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A Minor Crash Can Total an EV if the Battery Gets Even a Little Damage

EV makers like Tesla use structural battery packs. But that makes the batteries more likely to be damaged in a crash, which makes repair or recycling difficult.

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Photo: Tesla

The so-called circular economy of EVs is being undermined by insurance companies writing EVs involved in minor crashes, because a tiny amount of damage to the battery pack can render the whole pack unusable. The number of EVs being declared a total loss following minor accidents is growing, and while that shouldn’t be an issue in and of itself, the difficulty of recycling battery packs in the U.S. is producing more waste than expected, as Reuters reports.

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Carmakers including Ford and General Motors have said they’re developing battery packs that are easier to repair, replace and, ultimately, reuse, but Tesla and other EV makers are reportedly going in the opposite direction. Tesla’s use of structural batteries that are integral into an EV’s architecture make it difficult to repair or recycle a damaged battery.

The benefit of these structural battery packs is mostly in the assembly — using the battery as a part of the architecture makes it quicker (and therefore cheaper) to construct the entire car. Cheaper production ostensibly yields cheaper prices for EV buyers, but it can also mean sacrificing the battery pack after even a minor collision.


Automotive disassembly expert Sandy Munro tells Reuters that the battery pack in the Texas-built Tesla Model Y has “zero repairability,” and as a result, some battery packs in these EVs are being sent “straight to the grinder” despite only minor damage.

The inability to reuse these batteries is revealing a hole in the green “circular economy” touted by carmakers, according to Reuters. But the problem is also making EVs expensive to insure:

According to online brokerage Policygenius, the average U.S. monthly EV insurance payment in 2023 is $206, 27% more than for a combustion-engine model.

According to Bankrate, an online publisher of financial content, U.S. insurers know that “if even a minor accident results in damage to the battery pack ... the cost to replace this key component may exceed $15,000.”

A replacement battery for a Tesla Model 3 can cost up to $20,000, for a vehicle that retails at around $43,000 but depreciates quickly over time.

Since batteries represent the greatest cost of building or repairing an EV, insurance companies are writing off more EVs following minor accidents.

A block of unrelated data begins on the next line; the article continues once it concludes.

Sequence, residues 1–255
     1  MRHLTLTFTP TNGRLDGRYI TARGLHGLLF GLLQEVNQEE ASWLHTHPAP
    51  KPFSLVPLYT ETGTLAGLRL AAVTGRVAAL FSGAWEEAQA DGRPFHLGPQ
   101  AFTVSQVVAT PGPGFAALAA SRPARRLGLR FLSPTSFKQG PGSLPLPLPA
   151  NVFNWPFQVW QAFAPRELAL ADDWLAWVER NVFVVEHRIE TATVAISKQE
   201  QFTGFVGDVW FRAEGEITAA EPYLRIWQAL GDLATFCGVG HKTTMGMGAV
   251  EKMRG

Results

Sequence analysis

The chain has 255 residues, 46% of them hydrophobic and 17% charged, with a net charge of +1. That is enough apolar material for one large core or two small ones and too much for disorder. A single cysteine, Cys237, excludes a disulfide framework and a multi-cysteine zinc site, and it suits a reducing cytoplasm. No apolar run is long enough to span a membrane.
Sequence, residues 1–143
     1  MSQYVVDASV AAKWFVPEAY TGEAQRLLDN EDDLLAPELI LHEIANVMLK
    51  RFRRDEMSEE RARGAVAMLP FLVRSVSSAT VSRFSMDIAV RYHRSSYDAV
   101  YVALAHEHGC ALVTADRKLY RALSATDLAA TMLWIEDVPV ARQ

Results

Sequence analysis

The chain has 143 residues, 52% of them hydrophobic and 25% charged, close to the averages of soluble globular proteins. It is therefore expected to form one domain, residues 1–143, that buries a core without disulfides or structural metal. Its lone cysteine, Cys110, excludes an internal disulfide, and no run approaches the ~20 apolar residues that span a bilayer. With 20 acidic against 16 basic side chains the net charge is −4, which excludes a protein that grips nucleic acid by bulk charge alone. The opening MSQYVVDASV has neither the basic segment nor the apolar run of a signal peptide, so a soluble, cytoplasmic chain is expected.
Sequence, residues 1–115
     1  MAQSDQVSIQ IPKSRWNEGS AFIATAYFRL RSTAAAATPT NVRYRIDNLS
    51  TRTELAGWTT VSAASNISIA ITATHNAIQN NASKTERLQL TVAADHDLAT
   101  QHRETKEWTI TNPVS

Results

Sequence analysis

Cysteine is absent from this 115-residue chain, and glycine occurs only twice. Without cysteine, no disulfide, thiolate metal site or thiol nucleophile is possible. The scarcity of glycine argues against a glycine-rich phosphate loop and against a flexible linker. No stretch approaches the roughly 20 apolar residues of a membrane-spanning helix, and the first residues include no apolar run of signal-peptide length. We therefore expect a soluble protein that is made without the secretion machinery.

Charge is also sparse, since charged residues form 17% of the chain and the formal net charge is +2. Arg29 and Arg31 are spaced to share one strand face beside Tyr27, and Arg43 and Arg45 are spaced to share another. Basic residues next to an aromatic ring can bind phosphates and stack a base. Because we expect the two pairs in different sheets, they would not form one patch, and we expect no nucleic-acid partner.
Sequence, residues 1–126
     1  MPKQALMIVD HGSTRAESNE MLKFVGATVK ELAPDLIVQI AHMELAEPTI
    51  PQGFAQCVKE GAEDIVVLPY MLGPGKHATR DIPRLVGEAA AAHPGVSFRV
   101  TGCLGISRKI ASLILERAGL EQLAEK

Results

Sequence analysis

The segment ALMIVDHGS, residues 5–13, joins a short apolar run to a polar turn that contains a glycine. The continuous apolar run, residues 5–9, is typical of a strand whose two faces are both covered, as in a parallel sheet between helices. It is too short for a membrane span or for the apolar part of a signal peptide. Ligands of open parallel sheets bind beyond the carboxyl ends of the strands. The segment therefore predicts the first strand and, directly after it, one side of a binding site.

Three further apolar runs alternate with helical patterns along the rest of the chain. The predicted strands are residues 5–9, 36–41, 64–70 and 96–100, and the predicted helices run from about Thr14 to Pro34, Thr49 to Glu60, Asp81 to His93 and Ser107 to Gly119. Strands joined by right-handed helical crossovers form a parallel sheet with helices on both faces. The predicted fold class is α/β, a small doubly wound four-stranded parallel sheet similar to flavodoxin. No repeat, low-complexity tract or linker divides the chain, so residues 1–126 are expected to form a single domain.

The problem is so prevalent that Tesla now offers its own car insurance in some U.S. states, creating lower rates for Tesla owners. But looking past the big red flag of any carmaker offering a commercial solution to a problem it had a hand in causing, the overall problem also has something to do with liability.


Reusing a battery from an EV that was in a collision requires mechanics to check the battery’s diagnostic data to make sure it’s functional and safe — and Tesla doesn’t let third parties look at that date. Insurance companies are unwilling to use these recycled battery packs for fear of the repaired or repurposed units causing problems later on, per Reuters:

There are a growing number of repair shops specializing in repairing EVs and replacing batteries. In Phoenix, Arizona, Gruber Motor Co has mostly focused on replacing batteries in older Tesla models.

But insurers cannot access Tesla’s battery data, so they have taken a cautious approach, owner Peter Gruber said.

“An insurance company is not going to take that risk because they’re facing a lawsuit later on if something happens with that vehicle and they did not total it,” he said.


This combination of uncertainty in reusing EV battery packs and the difficulty of removing them in the first place is now leading to stockpiles of good EV batteries going to waste. Insurance companies say that if automakers could install the batteries in smaller, non-structural modules, it could make repairing or replacing damaged units easier, and making battery diagnostic data available to third parties would solve many other issues.

In the meantime, insurance premiums will remain higher than average and perfectly good batteries will likely continue to go to waste.

Image for article titled A Minor Crash Can Total an EV if the Battery Gets Even a Little Damage
Photo: Patrick Pleul (Getty Images)